In vivo, the enzyme HsUbc7, Homo sapien Ubiquitin-Conjugating Enzyme 7, is tethered to the endoplasmic reticulum (ER) membrane where it functions to polyubiquitinate misfolded or misassembled proteins. Specific K48-linkages of the polyubiquitin chain will destine the misfolded proteins to the 26S proteasome for degradation. HsUbc7 is able to produce K48-linked Ub-dimers in vitro, an activity which is greatly enhanced in the presence of a RING-domain E3 enzyme. A unique structural feature of HsUbc7 is its 13-residue insert loop, juxtaposed to the enzyme's active site cysteine residue, which has been shown to be vital to the Ub-dimer activity. The work herein sought to characterize the protein HsUbc7 by Nuclear Magnetic Resonance Spectroscopy.
Chemical shift perturbation studies revealed a non-covalent Ub binding site on the surface of HsUbc7, remote from the enzyme's active site. A proposed structural model of the HsUbc7·non-colavent Ub complex suggests that an additional Ub binding site may exist between the non-covalent site and the active site cysteine of HsUbc7. Similar studies also mapped the RING-binding site of HsUbc7. Surprisingly, the addition of RING or Ub to HsUbc7 causes drastic spectral effects, localized to the same contiguous region of HsUbc7, indicating that HsUbc7 undergoes a conformational change upon the binding of Ub or RING. These effects are localized to the region around the active site cysteine (C89), the proposed oxy-anion hole (N81), and the important 13-residue insert loop. NMR relaxation data of HsUbc7 revealed that the 13-residue insert loop and the loop that covers the proposed catalytic residue, N81, (residues 131-136) are highly mobile on the picosecond timescale. These areas are also affected by the binding of Ub or RING, suggesting that binding alters this mobility, slowing the motion to the microsecond-millisecond timescale.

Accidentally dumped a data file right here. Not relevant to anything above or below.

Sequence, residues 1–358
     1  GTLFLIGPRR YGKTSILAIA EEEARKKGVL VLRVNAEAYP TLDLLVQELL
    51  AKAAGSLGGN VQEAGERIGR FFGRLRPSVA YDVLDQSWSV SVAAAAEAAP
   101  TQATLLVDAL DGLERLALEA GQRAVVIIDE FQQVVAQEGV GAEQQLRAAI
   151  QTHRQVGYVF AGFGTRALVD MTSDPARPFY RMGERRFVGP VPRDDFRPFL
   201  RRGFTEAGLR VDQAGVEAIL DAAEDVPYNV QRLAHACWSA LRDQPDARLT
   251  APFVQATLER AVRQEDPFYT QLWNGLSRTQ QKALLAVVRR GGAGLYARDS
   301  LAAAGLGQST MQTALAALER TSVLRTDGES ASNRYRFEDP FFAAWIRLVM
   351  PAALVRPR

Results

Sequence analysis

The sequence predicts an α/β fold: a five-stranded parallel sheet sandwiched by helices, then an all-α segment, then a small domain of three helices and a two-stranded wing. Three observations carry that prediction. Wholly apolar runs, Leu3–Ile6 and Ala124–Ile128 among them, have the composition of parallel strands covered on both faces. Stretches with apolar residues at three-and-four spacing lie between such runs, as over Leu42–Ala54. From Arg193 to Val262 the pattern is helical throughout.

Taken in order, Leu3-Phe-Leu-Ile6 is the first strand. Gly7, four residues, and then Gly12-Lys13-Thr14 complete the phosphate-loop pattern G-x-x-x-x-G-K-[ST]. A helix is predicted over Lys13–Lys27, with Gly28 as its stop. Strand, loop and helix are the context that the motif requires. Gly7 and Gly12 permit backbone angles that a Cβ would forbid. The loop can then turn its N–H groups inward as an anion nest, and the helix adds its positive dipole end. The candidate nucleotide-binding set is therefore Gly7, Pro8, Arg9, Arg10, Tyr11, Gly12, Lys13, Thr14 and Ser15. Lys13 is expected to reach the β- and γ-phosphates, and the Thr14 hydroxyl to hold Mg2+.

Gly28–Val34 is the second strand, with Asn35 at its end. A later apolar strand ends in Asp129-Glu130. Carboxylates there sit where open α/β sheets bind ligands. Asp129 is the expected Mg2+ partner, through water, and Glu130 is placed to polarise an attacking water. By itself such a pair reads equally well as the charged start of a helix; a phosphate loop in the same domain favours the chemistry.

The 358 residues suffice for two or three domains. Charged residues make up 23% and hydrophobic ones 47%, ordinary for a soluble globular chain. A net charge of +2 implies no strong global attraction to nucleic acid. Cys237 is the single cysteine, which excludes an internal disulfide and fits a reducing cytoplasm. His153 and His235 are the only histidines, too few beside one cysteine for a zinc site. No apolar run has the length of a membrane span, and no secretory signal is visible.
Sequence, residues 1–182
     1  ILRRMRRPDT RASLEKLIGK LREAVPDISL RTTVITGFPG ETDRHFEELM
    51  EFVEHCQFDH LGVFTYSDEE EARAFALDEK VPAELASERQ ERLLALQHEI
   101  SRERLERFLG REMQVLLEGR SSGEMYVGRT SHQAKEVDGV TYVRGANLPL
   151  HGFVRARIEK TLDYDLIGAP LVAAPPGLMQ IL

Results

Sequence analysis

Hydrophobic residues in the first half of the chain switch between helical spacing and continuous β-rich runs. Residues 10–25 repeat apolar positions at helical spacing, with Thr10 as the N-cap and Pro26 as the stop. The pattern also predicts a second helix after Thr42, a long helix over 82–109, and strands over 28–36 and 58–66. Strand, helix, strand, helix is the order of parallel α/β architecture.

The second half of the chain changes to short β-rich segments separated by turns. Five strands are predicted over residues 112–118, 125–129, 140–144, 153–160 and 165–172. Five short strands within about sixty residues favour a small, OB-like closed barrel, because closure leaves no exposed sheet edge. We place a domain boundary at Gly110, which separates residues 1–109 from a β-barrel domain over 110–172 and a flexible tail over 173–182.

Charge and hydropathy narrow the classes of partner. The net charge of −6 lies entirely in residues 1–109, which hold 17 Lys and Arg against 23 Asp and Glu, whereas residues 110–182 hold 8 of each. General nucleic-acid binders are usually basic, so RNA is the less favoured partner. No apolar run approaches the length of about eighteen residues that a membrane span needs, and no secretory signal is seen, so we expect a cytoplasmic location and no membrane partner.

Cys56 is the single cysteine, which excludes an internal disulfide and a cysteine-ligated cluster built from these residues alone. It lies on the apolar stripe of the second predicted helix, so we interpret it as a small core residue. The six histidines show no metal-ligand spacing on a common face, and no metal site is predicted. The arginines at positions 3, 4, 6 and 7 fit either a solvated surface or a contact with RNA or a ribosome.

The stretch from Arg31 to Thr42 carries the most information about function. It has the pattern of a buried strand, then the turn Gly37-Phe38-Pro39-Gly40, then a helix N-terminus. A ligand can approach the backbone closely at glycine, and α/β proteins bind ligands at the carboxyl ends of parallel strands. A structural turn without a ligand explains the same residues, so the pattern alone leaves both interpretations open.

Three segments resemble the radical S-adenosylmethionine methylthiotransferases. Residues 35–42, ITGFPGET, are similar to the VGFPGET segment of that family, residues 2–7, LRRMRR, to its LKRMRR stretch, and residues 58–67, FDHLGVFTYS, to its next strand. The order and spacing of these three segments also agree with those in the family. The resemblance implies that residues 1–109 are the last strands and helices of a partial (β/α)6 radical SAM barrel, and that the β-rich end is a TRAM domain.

Finally, the extraction of amide bond vector orientations and generalized order parameters for the protein ubiquitin is demonstrated using RDC data collected in many alignment media, in the absence of any prior structural information. The resulting structural and dynamic bond vector descriptions were highly accurate and precise.
|School:||The Johns Hopkins University|
|School Location:||United States -- Maryland|
|Source:||DAI-B 68/04, Dissertation Abstracts International|
|Keywords:||Dipolar coupling, Ubiquitin|
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